For marketers, celebrities and social media influencers, Twitter has introduced a new set of tweet analytics.
The new analytics feature generates reports on the performance of individual tweets as well as the overall performance of a particular account over a specified time period. These figures include impressions, retweets, favorites and clicks on links. The analytics are available to anyone with a Twitter advertising, Twitter Cards or Verified account.
Here’s what the analytics dashboard looks like for an account’s performance over a certain period:
And here’s what the analytics look like for an individual tweet:
For marketers, these analytics were previously only available through Twitter’s Certified Marketing Partners, which included platforms such as Sprinklr, Hootsuite, Buffer or to a lesser extent, TweetDeck. By rolling out its own analytics tool, Twitter has a quick and easy solution for small business marketers who don’t have access to enterprise social media management tools, or someone who would like to become more influential on its platform. It’s also made Twitter more B2B friendly, since marketers utilizing the Twitter Cards ad format can track things like clicks, downloads or profile views to see just how successful those campaigns are.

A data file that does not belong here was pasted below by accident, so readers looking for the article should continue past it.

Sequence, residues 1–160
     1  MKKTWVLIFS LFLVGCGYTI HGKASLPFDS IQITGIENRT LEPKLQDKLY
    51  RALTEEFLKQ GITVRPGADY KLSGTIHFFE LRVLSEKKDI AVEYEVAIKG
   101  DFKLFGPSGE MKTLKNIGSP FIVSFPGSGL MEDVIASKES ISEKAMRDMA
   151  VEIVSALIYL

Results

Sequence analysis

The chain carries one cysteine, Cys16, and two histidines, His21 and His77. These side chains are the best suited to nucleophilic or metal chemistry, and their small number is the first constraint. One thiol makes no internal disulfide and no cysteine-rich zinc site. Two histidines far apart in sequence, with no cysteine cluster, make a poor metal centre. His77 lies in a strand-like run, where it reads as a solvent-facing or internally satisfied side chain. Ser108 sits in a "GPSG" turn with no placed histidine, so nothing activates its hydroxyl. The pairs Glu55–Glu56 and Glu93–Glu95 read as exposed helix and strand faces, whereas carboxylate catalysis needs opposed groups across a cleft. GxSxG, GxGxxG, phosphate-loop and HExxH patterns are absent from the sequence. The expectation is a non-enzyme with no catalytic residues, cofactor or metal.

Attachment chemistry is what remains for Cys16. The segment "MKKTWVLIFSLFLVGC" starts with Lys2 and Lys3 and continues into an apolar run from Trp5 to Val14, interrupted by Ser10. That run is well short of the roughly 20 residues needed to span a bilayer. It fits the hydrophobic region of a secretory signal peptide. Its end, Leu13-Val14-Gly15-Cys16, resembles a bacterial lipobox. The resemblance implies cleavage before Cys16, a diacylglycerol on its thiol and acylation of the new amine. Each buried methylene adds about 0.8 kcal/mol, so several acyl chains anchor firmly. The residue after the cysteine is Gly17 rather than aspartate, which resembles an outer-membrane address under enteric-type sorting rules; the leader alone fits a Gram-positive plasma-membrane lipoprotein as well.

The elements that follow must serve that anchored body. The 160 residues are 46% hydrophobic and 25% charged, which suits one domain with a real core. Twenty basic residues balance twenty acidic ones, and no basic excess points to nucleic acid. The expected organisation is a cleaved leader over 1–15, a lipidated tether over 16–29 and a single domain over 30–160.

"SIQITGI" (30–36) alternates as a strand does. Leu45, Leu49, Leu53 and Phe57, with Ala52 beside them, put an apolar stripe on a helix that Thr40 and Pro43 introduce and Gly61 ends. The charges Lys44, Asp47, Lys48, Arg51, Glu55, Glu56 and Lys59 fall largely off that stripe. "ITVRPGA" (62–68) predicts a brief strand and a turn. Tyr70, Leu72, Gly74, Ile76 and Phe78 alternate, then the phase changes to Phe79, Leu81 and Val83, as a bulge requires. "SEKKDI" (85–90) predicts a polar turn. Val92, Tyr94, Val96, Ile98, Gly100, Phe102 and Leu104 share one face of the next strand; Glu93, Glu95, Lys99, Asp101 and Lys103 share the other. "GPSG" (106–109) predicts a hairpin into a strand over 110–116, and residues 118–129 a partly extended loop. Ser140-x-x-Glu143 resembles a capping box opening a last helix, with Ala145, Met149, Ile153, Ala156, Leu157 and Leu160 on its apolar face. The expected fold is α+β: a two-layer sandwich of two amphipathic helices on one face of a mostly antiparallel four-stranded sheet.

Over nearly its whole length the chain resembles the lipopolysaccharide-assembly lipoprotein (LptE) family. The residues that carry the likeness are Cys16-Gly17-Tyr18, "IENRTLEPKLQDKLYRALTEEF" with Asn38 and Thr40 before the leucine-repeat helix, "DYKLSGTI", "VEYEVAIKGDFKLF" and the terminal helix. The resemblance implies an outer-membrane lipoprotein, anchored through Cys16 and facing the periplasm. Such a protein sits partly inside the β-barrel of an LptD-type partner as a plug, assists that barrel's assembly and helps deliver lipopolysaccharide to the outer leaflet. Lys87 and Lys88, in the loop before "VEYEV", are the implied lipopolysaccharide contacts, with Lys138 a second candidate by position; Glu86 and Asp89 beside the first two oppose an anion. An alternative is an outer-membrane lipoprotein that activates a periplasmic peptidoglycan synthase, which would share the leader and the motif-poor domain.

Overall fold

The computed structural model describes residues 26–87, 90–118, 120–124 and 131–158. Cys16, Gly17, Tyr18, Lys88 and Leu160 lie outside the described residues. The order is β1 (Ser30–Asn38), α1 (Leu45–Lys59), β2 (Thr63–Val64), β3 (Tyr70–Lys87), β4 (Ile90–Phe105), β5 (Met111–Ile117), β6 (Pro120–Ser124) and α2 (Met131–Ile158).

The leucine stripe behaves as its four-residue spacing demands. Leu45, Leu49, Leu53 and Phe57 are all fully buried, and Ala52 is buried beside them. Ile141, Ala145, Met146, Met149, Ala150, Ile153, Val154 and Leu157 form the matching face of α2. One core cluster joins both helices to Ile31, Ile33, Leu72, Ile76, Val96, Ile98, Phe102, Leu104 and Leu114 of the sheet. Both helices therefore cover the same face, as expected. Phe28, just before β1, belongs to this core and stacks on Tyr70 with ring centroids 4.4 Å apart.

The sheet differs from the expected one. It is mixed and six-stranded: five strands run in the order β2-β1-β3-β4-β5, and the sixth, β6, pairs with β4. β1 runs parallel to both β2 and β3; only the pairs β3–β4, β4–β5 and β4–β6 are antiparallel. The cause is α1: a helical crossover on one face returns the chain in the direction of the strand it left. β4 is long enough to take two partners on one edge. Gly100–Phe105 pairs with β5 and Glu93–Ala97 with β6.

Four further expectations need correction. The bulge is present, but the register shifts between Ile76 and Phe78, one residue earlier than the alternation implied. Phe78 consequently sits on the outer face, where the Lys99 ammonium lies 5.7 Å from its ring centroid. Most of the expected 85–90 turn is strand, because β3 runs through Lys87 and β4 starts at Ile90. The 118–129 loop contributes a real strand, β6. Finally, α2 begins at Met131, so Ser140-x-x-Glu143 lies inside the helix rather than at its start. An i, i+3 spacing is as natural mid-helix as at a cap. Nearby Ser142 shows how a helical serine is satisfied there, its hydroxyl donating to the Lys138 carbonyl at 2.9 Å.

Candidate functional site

Writing on Twitter’s blog, Adam Schoenfeld, CEO of social media analytics tool (and Twitter Certified Partner) Simply Measured highlighted the usefulness of the new analytics for marketers:
“With social media maturing as a marketing channel, measurement is the top priority for brands looking to understand performance and scale investment. By allowing access to real impression data, Twitter is giving businesses a relevant benchmark to compare social marketing outcomes with other digital channels.”
By getting Schoenfeld to talk about how useful the analytics are, Twitter is also sending a message to its marketing platform API partners, letting them know there’s still use for them even if Twitter’s making its own tools for marketers.
Additionally, these richer analytics allow Twitter to effectively compete with Facebook, which also introduced more in-depth analytics for its Page managers last year. The difference is organic reach on Facebook is becoming all but non-existent, whereas marketers on Twitter still have a chance of reaching a wide audience.